Before our daughter was in Kindergarten she attended a Christian preschool near our home. Each year at Christmas-time the children would put on a program for the parents, grandparents, and younger siblings. It was one of those annual “photo-op” experiences where we would enjoy our children as they sang for us and showed us their Christmas crafts.
One year during the presentation the children sang a song that had the lyric: Advent is a time for waiting, not a time for celebrating.
I cannot remember the tune of the song, and I am probably the only one in my family who remembers hearing it sung. I suppose I remember it because at the time it struck me funny to hear this admonition about ecclesiastical protocol melodiously announced through the voices of three and four year olds who probably had little or no idea about the meaning of what they were singing. It was sort of humorous to hear these children dutifully advising their parents not to fall prey to the secular culture’s profane practice of celebrating Christmas before its time.
There are many Christian traditions where it is all but anathema to sing a Christmas carol in worship prior to Christmas Eve. Like the rigid Sabbath practices of some denominations, this admonition about Advent being a time for waiting rather than celebrating felt a bit like religious finger wagging warning us not to offend God. In my mind it was yet another example of how we Christians can, in an effort to get it “right”, make a mess of things and end up getting it wrong. In the attempt to call us all to think about something bigger than shopping, sleigh bells, Santa Claus and snow, we were told what not to do rather than called to contemplate and anticipate the advent of a reality that is “abundantly far more than we can ask for or imagine.”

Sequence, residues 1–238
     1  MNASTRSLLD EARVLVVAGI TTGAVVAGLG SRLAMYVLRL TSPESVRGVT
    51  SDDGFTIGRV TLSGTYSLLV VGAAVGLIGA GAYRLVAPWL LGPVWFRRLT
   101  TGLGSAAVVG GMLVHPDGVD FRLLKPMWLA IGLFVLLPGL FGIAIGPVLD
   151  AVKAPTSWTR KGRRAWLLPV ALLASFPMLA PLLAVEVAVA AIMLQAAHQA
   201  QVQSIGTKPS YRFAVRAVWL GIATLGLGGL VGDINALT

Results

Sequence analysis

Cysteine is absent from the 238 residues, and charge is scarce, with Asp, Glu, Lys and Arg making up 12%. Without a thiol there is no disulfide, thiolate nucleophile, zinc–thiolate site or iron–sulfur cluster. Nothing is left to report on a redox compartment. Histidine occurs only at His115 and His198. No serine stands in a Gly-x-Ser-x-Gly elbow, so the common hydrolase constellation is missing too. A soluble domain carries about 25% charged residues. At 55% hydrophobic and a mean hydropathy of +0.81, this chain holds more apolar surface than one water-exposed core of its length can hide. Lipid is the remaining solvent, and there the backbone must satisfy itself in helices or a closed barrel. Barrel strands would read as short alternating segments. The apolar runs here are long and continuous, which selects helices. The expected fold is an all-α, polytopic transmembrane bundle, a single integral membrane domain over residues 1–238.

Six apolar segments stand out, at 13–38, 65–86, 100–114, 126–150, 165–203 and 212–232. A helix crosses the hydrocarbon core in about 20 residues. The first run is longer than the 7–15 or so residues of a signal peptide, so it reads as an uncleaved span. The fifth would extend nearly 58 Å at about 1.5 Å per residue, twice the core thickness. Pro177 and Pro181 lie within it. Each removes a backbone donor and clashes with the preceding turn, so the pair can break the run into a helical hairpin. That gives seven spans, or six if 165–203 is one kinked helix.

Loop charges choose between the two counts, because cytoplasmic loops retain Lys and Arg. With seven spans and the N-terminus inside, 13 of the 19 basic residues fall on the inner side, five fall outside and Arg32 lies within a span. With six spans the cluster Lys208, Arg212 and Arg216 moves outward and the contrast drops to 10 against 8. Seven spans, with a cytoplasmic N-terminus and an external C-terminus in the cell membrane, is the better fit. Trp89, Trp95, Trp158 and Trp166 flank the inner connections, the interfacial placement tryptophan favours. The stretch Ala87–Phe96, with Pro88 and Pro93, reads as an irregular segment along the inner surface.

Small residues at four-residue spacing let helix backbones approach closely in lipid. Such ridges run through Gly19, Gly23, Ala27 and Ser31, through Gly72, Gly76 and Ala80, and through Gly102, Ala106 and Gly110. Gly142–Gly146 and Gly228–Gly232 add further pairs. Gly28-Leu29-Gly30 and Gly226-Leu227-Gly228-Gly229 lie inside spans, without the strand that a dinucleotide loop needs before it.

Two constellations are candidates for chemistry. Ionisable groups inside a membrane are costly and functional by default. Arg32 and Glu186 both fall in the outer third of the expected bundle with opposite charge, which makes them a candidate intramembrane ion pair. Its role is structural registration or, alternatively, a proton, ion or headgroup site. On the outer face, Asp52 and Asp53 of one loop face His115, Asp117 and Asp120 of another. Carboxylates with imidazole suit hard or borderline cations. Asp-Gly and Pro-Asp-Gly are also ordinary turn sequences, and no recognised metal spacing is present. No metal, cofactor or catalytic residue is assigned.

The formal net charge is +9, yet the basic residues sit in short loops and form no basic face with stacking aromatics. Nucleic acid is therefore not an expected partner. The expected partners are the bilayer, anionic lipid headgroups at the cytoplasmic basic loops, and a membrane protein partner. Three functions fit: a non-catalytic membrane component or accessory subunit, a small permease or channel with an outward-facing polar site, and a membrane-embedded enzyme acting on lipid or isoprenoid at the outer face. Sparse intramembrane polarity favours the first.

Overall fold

The Advent invitation to wait for the Lord and watch for God’s appearing is not to consign ourselves to a place of joyless darkness where we stop all activity, shiver in the cold of a “bleak mid-winter,” and contemplate how bad things are. Advent is indeed about waiting, but it is also about celebrating, because it is about an active and expectant waiting. In Advent we do not wait for an unknown; we wait for something about which we are certain. We rise to our tip toes in anticipation and strain to see that speck of light on the horizon, that dimly burning wick, which provides the spark that ignites the light that cannot be extinguished by darkness. The waiting we do at Advent is like waiting for the dawn. We know it is going to come, but it always seems to take a little longer to get here than what we might desire.
Advent teaches us how to endure the wait. It teaches us how to joyously anticipate the fulfillment of God’s promise. The stories that frame our Advent sermon series this year are about folks who are waiting actively. They show us how to make ourselves ready for God’s revelation of himself in our world. As we sit with Zechariah, Mary, the Shepherds, the Magi, and Simeon this Advent and Christmas Season, they can become ourteachers. From them we can learn how to watch and listen for the persistent invitations to life that God is sending our way. Advent is indeed a time for waiting, but it is also a season of celebrating. So get to your tip toes and look through the darkness for that speck of light. Or as the Psalmist sings, “Be strong, let your hearts take courage and wait for the Lord.”
Dave Rohrer, 11/27/2016